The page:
Yet another night bus, this one included a nice little layover in Nha Trang, waiting for our transfer bus from 4am-7am. We arrived at our hostel in Da Lat around noon in less than chirper moods. Tired and hungry, we decided to just power through and start checking things off the list.

First stop, cable cars. Not being familiar with the terrain of Da Lat yet, we set out on possibly the worst route to get there. The walk was more uphill than not. Exhausted as always when any incline is involved and starving we finally made it. At the top as we stopped to take in the beautiful view of the city, we noticed a sign for a buffet that only cost roughly $2.  We didn’t know what the buffet involved but being delirious with hunger and figuring that was a good deal, we were sold.


There was what appeared to be a salad bar consisting of only different types of leafy greens, and no other real direction on what we were supposed to do. Soon after we filled up our plates with piles of greens, a pot of broth was brought over to the hot plate on our table and a basket of uncooked noodles along with a variety of topping and sauces. It was like the Vietnamese Melting Pot. After copious amounts of noodles, acting as if we were carbo-loading for a marathon, we were stuffed and ready to continue on our adventure.




We took a cable car over the mountains and got a beautiful view of the surrounding area. Da Lat is an interesting city, very pretty from afar, but then as you walk through it – not so charming up close. Nothing like my sweet sweet Hoi An.



The cable car took us over to the Truc Lam Zen Monastery. It was such a peaceful and serene setting with a vast beautiful garden covering the landscape. I thought to myself, ‘Wow, one day I would love to live in a little beautiful complex like this – build right into the heart of mother nature with different healing building, mediatiton spots – a sancuatry to rest and reflect’. Add that to the intentions list…


Next we walked to a near by waterfall, Datanla. There was this hilarious little roller coaster that you could ride down to the waterfall. This thing definitely didn’t have to pass any safety regulations. You could control the speed as you whipped around the twist and turns. It was a lot of fun, minus when I was forced to slow down due to the the people in front of me that insisted on going a reasonable safe speed… I do love waterfalls though. I love standing beneath them, letting the mist shower my face as I breath in their magnificence and power.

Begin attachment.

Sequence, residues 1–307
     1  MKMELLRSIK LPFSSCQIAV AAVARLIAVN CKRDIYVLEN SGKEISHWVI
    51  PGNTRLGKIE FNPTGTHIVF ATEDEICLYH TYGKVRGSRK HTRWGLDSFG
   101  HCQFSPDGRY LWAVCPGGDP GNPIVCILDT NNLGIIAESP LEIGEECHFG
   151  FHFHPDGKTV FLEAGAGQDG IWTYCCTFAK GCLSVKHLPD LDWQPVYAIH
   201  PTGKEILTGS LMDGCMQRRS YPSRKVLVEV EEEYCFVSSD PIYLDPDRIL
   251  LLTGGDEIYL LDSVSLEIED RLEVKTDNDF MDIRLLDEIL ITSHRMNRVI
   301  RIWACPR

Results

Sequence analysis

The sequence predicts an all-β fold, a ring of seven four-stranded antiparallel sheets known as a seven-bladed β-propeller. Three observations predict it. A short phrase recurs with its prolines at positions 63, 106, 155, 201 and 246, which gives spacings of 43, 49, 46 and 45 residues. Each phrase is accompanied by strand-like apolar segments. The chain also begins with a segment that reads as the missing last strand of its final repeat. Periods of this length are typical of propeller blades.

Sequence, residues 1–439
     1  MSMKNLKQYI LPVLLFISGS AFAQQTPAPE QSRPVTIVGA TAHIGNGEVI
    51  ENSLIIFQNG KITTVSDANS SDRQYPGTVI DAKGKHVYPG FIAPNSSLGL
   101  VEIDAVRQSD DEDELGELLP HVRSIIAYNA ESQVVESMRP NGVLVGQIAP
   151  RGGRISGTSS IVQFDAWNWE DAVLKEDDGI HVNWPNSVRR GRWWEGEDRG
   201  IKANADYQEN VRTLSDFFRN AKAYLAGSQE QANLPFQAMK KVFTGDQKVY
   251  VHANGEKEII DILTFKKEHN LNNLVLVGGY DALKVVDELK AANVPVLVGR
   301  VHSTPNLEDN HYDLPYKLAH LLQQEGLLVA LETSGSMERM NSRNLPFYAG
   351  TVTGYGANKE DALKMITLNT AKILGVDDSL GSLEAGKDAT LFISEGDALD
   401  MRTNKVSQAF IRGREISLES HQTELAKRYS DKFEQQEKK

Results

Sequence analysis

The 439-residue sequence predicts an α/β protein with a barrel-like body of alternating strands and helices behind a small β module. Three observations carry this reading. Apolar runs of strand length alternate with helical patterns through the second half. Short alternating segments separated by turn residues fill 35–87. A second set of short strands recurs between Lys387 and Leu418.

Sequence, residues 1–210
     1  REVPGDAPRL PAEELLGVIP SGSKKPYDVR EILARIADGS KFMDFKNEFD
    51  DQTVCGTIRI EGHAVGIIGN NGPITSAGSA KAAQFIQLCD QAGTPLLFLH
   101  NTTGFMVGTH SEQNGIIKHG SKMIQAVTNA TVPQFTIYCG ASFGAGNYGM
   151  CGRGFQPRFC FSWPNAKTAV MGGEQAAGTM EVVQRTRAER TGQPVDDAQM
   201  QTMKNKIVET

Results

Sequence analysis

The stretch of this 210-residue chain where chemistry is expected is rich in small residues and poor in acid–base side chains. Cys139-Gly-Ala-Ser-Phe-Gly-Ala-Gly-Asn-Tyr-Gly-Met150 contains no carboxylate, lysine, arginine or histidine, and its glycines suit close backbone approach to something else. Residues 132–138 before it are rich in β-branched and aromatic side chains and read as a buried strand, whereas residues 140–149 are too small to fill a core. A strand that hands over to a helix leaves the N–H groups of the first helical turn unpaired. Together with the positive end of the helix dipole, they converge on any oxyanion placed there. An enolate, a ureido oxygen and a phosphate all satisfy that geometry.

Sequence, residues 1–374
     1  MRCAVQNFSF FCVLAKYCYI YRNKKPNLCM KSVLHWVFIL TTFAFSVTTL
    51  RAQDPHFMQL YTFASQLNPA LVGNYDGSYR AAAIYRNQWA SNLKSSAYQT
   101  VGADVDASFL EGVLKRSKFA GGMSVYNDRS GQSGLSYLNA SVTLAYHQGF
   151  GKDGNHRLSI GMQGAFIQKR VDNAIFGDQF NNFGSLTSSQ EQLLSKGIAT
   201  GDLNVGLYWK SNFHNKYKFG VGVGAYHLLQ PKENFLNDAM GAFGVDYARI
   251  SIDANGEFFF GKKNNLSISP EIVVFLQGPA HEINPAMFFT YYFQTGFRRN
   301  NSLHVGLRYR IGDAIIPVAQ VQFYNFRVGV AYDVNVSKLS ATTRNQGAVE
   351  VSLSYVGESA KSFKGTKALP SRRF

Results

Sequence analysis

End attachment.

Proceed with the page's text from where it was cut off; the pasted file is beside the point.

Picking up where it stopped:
Pretty beat, we started to walk home in hopes that a taxi would come along. Well that never happened, so we walked all the way back to the hostel. Rule of thumb: When you don’t want a taxi you will be harassed every other step by a taxi/motorbike driver; but when you desperately want one, there will be none in sight. I’ve learned to  just accept that as a fact of SEA life.



Our second day in Dalat was spent marveling at some wildly creative and mesmerizing architecture. First stop was Hang Nga Guesthouse aka the “Crazy House”. It was indeed crazy. It was an enchanting combination of Dr. Seuss meets Harry Potter. It was unlike anything I’ve ever seen before. I saw one picture of this place beforehand and thought, ‘Oh that might be cool’. It thoroughly exceeded my expectations.




It was like a magical treehouse maze, with tiny twisting and winding staircases going every which way and corridors leading to madness around every bend. The very talented architect, Dang Viet Nga, said she was inspired by the natural environment surrounding Dalat, desiring to connect people to nature. She also pulled inspiration from the famous architect Antoni Gaudi. If you’ve been to Barcelona, you know who I’m talking about. I definitely became very kid-like exploring this place with wonder and amazement.






Afterwards we wandered around the city a little, stopped for a late lunch, hit up the night market and killed time until another crazy architectural masterpiece opened. 100 Roofs Cafe was this insane maze-like bar/rooftop garden that was a labyrinth of rooms, narrow hallways, tunnels, spiral staircases and more madness. With a very similar vibe and design as the Crazy House, that day was starting to feel like one big trippy dream, and I was loving it. We had a blast exploring and enjoying a few cold ones. It was very hard to capture pictures of this place, but just take my word for it – it was pretty sweet.





We got the noon bus the next morning. Off to Ho Chi Minh – last stop in Vietnam. Man, that flew by.




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